Example 5 New Hair Growth in Bald Scalp by application of Dermal Cells into Superficial Incisions

Wounds are created on a human subject's head with a surgical blade or scalpel, as grids, multiple crosses, parallel lines or similar such pattern to achieve the desired cosmetic effect for hair growth. Human trichogenic dermal cells alone (optionally mixed with hair follicle melanocytes if needed to restore hair pigmentation) in suspension are then spread on top of the superficial cuts with pipette tips or syringes and the wound is covered for 2-3 days to prevent the cells from drying out prior to being incorporated into the skin. Egressing hair follicles are then formed.

Example 6 Formation of New Skin to Treat a Subject with a Diabetic Foot Ulcer

A subject with a diabetic foot ulcer is anesthetized under local or general anesthesia and a series of superficial cuts is made in the ulcer. The cuts are shallow enough not to draw blood. A suspension of basal cells in 2 microliters of sterile buffered saline solution is delivered to the cuts by pipette. The skin is gently pulled apart for a few seconds to allow the fluid to wick throughout the grid. A non-adherent, hydrophobic (petrolatum coated gauze) dressing is applied to the wound. The dressing is removed after 10 days. New skin forms and the ulcer is healed.

Example 7 Formation of New Skin to Treat a Subject with Bed Sores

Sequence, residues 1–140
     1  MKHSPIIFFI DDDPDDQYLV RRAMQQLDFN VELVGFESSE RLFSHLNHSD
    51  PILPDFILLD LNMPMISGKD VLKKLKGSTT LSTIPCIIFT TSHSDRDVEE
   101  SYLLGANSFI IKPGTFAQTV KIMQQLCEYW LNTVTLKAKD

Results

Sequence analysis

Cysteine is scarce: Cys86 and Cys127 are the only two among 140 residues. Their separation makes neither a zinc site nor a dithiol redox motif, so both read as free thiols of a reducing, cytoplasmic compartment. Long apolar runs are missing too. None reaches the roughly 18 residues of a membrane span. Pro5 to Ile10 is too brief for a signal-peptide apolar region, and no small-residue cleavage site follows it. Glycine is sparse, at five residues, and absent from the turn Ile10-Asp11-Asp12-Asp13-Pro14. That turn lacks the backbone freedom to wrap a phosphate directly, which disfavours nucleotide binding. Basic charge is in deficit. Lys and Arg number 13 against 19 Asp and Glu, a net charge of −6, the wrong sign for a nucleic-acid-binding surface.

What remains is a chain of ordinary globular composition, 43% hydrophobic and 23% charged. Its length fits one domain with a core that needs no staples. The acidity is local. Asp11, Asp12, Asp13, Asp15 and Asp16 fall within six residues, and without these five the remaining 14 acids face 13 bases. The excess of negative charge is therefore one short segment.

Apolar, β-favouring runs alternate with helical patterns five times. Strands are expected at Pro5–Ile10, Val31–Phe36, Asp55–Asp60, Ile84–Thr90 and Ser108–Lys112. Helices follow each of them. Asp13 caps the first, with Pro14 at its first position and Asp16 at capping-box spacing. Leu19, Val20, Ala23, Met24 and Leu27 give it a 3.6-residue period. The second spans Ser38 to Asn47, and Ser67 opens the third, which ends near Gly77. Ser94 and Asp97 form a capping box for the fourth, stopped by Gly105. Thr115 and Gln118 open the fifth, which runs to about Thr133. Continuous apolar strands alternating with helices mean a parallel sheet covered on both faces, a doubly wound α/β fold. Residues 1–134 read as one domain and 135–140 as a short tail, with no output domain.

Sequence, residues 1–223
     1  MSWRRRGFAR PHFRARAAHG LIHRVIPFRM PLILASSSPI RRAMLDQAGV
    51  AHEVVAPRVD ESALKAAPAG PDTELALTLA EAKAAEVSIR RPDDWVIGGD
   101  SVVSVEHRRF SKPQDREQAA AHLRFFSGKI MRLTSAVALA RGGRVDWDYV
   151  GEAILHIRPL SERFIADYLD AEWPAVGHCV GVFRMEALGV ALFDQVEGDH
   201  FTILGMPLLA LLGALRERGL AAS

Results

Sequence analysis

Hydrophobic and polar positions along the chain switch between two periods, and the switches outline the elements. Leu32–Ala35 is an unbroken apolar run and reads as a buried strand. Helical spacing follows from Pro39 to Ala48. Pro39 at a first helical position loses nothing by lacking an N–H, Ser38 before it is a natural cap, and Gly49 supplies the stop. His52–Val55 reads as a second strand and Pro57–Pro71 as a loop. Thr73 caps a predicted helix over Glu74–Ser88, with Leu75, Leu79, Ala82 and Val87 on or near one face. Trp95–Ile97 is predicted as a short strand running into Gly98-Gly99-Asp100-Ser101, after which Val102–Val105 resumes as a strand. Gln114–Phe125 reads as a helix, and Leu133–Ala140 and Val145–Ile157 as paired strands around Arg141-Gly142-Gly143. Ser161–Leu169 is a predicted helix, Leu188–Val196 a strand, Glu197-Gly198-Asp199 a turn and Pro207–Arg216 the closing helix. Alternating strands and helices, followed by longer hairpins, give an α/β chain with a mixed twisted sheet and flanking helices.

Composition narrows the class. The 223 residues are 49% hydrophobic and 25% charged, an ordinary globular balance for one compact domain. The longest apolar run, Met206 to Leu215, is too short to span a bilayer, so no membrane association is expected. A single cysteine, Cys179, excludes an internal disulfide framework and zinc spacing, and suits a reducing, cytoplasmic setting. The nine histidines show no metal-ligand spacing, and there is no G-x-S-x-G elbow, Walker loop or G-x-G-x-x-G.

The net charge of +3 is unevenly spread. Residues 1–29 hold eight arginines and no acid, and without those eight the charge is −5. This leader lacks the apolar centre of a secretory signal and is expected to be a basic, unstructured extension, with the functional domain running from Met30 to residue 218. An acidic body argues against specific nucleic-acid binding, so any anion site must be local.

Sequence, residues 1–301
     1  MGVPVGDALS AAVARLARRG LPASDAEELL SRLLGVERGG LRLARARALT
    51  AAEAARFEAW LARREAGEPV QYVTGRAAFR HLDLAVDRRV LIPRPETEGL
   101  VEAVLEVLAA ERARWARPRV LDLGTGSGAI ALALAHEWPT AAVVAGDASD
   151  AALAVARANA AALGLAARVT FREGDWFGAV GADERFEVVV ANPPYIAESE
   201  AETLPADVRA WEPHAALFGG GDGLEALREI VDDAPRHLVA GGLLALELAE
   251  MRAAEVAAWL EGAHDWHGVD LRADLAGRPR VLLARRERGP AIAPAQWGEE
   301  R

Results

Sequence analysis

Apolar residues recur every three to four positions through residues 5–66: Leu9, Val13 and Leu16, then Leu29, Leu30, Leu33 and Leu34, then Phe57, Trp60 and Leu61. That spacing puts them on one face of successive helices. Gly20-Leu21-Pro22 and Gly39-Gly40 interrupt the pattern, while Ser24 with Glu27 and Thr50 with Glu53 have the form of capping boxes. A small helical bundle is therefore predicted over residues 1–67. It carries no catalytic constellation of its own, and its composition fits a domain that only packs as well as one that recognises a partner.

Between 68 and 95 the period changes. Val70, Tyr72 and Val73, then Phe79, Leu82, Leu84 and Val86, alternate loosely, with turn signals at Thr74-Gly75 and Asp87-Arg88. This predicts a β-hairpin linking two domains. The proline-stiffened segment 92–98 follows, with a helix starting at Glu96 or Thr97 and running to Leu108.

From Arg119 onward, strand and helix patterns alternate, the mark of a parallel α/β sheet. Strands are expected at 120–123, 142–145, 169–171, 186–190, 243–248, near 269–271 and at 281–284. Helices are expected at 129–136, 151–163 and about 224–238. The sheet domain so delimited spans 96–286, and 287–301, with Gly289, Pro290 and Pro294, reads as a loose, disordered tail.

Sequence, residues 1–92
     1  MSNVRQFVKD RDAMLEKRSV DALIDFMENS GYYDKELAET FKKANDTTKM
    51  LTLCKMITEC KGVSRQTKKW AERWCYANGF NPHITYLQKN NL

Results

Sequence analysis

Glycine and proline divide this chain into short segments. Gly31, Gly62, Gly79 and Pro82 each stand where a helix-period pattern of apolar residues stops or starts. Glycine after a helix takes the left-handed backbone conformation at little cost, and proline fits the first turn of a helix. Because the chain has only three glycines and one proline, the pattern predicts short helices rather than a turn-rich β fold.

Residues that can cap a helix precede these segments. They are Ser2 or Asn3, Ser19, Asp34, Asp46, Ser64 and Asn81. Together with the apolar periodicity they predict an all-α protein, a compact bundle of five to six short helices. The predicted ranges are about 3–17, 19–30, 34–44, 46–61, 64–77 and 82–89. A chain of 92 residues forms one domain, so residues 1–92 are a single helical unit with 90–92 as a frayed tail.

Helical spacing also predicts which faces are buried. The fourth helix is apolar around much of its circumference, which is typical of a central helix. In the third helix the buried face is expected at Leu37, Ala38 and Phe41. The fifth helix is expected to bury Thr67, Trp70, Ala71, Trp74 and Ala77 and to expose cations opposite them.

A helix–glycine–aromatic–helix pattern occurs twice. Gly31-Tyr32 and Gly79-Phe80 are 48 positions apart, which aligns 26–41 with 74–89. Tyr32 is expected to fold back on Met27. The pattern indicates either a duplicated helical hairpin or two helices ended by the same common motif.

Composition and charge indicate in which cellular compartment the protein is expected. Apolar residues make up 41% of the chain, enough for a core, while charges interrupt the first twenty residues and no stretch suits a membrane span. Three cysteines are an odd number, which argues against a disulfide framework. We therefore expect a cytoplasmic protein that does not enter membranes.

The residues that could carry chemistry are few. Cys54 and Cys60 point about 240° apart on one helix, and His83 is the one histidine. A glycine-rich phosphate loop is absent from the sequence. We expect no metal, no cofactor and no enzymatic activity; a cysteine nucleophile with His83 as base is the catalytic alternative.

A subject with bed sores is anesthetized under local or general anesthesia and a series of superficial cuts is made in the bed sore. The cuts are shallow enough not to draw blood. A suspension of basal cells in 2 microliters of sterile buffered saline solution is delivered to the cuts by pipette. The skin is gently pulled apart for a few seconds to allow the fluid to wick throughout the grid. A non-adherent, hydrophobic (petrolatum coated gauze) dressing is applied to the wound. The dressing is removed after 10 days. New skin forms and the bed sore is healed.

As used in this specification and the appended claims, the singular forms “a,” “an,” and “the” include plural referents unless the content clearly dictates otherwise. It should also be noted that the term “or” is generally employed in its sense including “and/or” unless the content clearly dictates otherwise. All publications, patents and patent applications are herein expressly incorporated by reference to the same extent as if each individual publication or patent application was specifically and individually indicated by reference. In case of conflict between the present disclosure and the incorporated patents, publications and references, the present disclosure should control.